Snowe files appeal at NEC Board of Commissioners; may reach Supreme Court if…
The National Elections Commission (NEC) Hearing Office headed by Cllr. Muanah S. Ville has announced that Rep. Edwin Melvin Snowe could not establish domicile as required by Elections laws to contest in the ensuing elections for Sinje District #1 in Bomi County.
The decision followed Senator Sando Dazoe Johnson’s complaint on July 21 that Rep. Snowe was crisscrossing to another county even though he was a sitting representative for Montserrado County District #6.
Commissioner Ville, in his ruling, said it was discovered that Rep. Edwin Melvin Snowe is the sitting representative of Montserrado District #6 and currently holds an unexpired certificate of the NEC dated back in 2011 and therefore could not be allowed to contest for another district.
Cllr. Ville noted that it is not possible for Snowe to have domicile in two different districts at the same time, most especially so when he is still a sitting lawmaker. He said because Rep. Snowe still holds a valid NEC certificate as of 2011 for Mont. District #6 but has willfully chosen to run for the same post in another district of another county, he could not be granted the privilege to contest in Bomi County.
“As per definition, domicile is a person’s fixed, permanent, and principal home for legal purposes, such as elections or family connections,” he said.
During the argument phase, Rep. Snowe’s witnesses, including Weakama Town Chief Weafie Konah, and Zoe Konah (Snowe’s cook) said Rep. Snowe has lived in Sinje, Bomi County for over a year and has real estate properties, along with his farm and other investments in the district.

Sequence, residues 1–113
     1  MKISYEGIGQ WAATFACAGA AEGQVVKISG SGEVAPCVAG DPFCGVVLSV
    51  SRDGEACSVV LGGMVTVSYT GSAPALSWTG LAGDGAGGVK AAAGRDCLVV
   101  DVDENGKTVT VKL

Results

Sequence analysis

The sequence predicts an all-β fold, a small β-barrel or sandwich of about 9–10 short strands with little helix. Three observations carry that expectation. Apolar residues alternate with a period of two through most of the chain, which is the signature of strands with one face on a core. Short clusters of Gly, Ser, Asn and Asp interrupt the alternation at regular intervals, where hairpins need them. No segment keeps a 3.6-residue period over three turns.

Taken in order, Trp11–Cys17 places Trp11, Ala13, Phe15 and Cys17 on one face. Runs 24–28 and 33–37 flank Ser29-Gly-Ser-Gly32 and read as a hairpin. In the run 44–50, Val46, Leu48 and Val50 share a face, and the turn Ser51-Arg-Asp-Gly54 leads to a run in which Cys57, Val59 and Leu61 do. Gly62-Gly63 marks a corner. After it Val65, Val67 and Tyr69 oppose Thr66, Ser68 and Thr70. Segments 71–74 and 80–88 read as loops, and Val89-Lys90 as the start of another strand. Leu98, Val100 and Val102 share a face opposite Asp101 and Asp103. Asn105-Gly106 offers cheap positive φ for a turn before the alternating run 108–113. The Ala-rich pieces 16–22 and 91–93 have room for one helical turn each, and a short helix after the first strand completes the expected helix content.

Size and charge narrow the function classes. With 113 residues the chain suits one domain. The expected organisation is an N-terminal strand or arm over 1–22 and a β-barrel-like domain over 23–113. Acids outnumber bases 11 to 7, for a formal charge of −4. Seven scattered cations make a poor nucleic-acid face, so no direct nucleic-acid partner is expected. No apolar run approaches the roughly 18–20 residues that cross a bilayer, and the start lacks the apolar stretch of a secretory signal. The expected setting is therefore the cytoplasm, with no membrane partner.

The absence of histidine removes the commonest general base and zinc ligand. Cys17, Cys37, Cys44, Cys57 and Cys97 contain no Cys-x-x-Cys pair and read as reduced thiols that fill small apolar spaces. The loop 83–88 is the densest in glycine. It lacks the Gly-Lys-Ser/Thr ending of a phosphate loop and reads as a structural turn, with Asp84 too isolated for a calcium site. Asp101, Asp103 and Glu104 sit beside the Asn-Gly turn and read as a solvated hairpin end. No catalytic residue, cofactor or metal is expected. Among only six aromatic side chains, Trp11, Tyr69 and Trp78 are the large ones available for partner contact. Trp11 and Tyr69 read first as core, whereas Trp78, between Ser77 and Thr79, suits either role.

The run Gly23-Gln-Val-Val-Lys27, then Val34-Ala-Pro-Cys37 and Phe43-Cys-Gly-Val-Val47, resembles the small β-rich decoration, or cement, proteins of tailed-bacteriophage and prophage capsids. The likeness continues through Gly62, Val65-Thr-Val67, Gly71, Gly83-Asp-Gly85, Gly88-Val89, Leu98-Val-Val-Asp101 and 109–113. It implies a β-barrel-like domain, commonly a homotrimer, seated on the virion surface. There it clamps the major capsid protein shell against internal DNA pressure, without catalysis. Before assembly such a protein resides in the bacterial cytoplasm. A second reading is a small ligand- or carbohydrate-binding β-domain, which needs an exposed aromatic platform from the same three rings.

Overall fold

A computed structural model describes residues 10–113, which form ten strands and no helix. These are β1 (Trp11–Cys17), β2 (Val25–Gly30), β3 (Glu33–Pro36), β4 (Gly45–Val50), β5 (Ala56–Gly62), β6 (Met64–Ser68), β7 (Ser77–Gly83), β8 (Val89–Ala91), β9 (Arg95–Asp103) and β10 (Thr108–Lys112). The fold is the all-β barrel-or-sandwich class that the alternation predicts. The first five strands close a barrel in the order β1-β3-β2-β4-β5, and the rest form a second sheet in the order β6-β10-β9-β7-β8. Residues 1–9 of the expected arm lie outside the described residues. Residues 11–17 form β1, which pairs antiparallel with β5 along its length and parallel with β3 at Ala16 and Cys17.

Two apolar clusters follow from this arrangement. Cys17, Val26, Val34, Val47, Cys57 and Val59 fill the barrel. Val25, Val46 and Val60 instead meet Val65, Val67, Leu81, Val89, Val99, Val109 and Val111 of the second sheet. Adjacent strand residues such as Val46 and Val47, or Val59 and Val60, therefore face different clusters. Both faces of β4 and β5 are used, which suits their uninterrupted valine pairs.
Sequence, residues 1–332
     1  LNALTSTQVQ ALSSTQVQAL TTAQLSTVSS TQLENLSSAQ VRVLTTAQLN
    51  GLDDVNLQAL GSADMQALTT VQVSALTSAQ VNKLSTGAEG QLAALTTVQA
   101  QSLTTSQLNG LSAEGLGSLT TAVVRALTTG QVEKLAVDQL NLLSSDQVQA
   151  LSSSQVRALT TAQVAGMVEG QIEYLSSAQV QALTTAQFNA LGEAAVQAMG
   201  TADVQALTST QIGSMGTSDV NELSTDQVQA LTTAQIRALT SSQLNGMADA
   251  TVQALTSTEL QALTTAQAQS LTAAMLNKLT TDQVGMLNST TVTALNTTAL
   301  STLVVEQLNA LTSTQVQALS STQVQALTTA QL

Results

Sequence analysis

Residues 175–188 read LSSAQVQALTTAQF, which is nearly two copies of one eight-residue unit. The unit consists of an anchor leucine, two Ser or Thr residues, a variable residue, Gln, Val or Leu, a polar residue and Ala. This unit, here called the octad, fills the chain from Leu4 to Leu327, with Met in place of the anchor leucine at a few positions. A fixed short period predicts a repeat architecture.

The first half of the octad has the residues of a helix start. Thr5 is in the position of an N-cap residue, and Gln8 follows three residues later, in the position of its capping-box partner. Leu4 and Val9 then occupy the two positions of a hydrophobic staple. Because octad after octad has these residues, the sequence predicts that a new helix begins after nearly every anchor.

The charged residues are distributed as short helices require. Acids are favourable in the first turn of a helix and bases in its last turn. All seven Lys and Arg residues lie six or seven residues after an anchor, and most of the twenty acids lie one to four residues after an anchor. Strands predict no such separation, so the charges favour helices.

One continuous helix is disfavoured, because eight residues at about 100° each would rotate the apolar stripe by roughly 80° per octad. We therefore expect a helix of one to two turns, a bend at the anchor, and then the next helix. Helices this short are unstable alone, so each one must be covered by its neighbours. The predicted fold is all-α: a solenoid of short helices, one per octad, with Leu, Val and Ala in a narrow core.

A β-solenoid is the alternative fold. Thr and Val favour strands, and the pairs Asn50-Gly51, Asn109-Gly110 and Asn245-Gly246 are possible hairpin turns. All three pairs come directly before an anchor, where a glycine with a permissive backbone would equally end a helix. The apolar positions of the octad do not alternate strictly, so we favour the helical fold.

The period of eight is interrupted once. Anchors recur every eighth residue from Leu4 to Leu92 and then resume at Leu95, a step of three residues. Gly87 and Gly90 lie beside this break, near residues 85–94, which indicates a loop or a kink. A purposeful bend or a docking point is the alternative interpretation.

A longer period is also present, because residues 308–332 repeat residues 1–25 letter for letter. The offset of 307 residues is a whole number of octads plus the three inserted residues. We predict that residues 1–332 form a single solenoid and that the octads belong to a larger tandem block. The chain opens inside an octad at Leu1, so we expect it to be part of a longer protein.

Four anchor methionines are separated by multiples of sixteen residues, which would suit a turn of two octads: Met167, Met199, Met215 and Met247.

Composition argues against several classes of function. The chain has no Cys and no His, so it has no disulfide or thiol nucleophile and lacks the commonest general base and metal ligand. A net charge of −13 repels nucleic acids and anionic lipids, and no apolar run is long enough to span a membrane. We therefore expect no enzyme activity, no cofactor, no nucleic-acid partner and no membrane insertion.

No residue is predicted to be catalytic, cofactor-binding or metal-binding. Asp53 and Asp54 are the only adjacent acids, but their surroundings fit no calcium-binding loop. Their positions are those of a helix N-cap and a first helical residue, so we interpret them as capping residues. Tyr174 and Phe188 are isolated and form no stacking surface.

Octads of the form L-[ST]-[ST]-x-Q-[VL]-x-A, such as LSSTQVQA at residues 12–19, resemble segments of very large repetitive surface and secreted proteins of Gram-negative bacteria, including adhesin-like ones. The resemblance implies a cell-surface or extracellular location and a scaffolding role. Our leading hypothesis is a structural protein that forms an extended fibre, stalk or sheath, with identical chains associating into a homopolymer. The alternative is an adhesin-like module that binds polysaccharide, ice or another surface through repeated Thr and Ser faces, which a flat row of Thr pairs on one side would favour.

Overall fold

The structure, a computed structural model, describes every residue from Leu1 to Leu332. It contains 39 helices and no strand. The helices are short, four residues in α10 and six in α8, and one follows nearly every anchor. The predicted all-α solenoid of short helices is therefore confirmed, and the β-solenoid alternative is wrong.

However, countering Rep. Snowe’s witnesses, Representative aspirant Charles Brown and Richard Divine testified that Snowe has no domicile in Bomi County and therefore lacks any legal backing to contest in the district in October.
After the decision, Senator Johnson told reporters: “This only shows that there are men and women in Bomi who mean business for their county. We will not sit and allow anyone such as in the case of Rep. Snowe to use our children by giving them money so as to rob the county of its sanity.”
He added, “Even though there is a public perception that the people of Bomi are lazy, the clear truth remains that we are not beggars in the streets, nor are we seeking unnecessary assistance from Snowe who has failed to ably represent the people of Mont. District #6.”
In his reaction, Rep. Snowe’s lawyer, former Sen. Mabutu Nyenpan filed a bill of appeal to the Board of Commissioners of the NEC.
Rep. Snowe told reporters, “I am very happy that we have the rule of law in our country. The ruling against me will not deter me from going ahead with my plan to campaign for votes for October 10.
“There is no law or a prohibition, however, cited in the ruling that prevents me from continuing with my campaign. If the Board of Commissioners of NEC rule against me it will still not be the end as I am prepared to pursue justice at the Supreme Court, the final arbiter of justice in our land,” he noted.
Rep. Snowe however, said that if in the end, the Supreme Court rules against him he will respect the decision and will keep on being active in Bomi County.
Supporters believed to be those of Rep. Snowe became agitated and shouted slogans such as “It will hold, Snowe is our man, the talk and do,” while Sen. Johnson’s team was jubilating in the compound of the NEC with slogans such as “Sando is our hero, we will not sell our birthright for peanuts or whatever.”
Rep. Samuel Gayah Karmo, the incumbent representative of Bomi County District #1, has also appealed to the NEC Board of Commissioners against the Bomi Magistrate’s earlier ruling that he (Karmo) was wrong in the case he had filed against Snowe’s cross-county registration to participate in the ensuing elections.
Reacting to yesterday’s ruling, the Clan Chief of Zepeh Chiefdom in which Weakama falls, Madam Kona Harris said she was very happy that the ruling was in the favor of Johnson and warned Snowe to step aside.
“Bomi is not a football field where anyone can just come and practice on. We will not allow anyone to take his or her jersey and go after they realize that he or she can no longer continue with future matches,” Madam Harris said.
Snowe’s case of crossing county boundary as a sitting representative is the first of its kind in the Liberian political history.